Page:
As a group, use the round robin approach to discuss each member’s most critical driving forces Ensure that you have a shared understanding of the nature of the driving force Consider your individual views on possible impacts and outcomes of these, not necessarily agreeing on what these might be Record your driving forces individually – clear and concise – on separate sticky notes 1 3 2 137

13 Stage 2b – Determining the ‘extreme outcomes’
Discuss and agree two ‘extreme outcomes’ for each driving force These should present the ‘limits of possibility’ for outcome within what is considered possible and plausible over the scenario timescale In some instances, there may need to be a third ‘extreme’ where development is not linear, e.g. not confined to a single technology, or will impact different social groups in different ways. 1a 1 1b 1c?

14 Stage 3 – Clustering the driving forces
“At any given time the human brain can comfortably make sense of about a dozen concepts in relation to each other.” (Wright and Cairns, 2011: p.33) ‘Cluster’ the driving forces through discussing linkages of cause/effect or chronology Which driving force outcomes will directly affect the outcome of others? Which events must unfold before others can take place? ‘Name’ the clusters in order to identify a small number of ‘higher level factors’ Record the names on separate sticky notes Note: Stage 4 omitted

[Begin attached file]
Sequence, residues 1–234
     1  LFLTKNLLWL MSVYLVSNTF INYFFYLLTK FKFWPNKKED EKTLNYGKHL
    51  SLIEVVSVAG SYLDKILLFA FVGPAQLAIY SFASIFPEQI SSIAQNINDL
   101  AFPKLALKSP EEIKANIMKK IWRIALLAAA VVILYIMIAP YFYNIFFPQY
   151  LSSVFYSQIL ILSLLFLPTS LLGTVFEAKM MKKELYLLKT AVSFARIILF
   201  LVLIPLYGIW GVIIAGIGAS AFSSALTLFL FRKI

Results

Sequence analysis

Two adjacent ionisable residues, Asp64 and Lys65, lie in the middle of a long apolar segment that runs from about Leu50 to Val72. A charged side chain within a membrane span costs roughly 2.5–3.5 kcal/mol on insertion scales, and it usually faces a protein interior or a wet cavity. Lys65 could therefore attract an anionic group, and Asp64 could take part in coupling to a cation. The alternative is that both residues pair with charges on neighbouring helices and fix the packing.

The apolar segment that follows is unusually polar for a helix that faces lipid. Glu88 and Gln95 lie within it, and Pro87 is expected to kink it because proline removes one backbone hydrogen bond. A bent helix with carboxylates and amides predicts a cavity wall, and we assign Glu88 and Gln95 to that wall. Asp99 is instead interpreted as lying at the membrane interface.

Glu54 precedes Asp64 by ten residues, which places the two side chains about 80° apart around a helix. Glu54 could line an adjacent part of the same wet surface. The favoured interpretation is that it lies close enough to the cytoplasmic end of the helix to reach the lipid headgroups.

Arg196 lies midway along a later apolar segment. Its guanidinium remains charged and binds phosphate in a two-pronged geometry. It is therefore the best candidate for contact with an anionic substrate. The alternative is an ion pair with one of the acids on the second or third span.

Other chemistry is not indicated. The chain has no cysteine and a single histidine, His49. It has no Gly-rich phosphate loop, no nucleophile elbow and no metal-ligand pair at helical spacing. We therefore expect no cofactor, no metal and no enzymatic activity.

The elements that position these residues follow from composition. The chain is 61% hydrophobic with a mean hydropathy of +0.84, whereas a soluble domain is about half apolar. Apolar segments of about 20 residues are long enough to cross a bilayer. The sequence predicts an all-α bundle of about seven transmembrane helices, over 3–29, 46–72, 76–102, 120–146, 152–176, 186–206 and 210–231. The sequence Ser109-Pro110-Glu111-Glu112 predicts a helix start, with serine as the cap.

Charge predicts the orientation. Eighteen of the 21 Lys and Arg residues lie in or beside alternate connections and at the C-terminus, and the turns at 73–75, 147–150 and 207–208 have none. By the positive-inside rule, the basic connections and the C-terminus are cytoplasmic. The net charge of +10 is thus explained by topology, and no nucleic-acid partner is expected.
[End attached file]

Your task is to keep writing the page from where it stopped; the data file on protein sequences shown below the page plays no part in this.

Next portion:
15 Stage 5 – The ‘impact/uncertainty’ matrix
Place your cluster heading ‘higher level factors’ along the full length of the low impact/high impact axis of the matrix, discussing and agreeing positions relative to each other – there are no absolute measures to this What is each factor’s degree of impact on the key focal issue over the timescale relative to all others? High impact Low impact Low certainty High certainty

16 Stage 5 – The ‘impact/uncertainty’ matrix
Select the two factors (A and B) that combine the greatest perceived impact on the core issue with the greatest uncertainty as to what that impact will be We may be highly certain that something will happen – e.g. climate change – but highly uncertain as to what impact it may have – increasing storm activity, drought, flood? Factor A Factor B High impact Low impact Low certainty High certainty

17 Stage 6b – Framing the scenarios
For your identified factors A and B, brainstorm your perceptions of two very different ways in which the factor might evolve over the next decade or so Think broadly about how you would describe the resultant outcomes – in terms of society, environment, economy, etc. – to a complete stranger who knows nothing of the issue or context Record your thoughts as dot points on separate sheets for each factor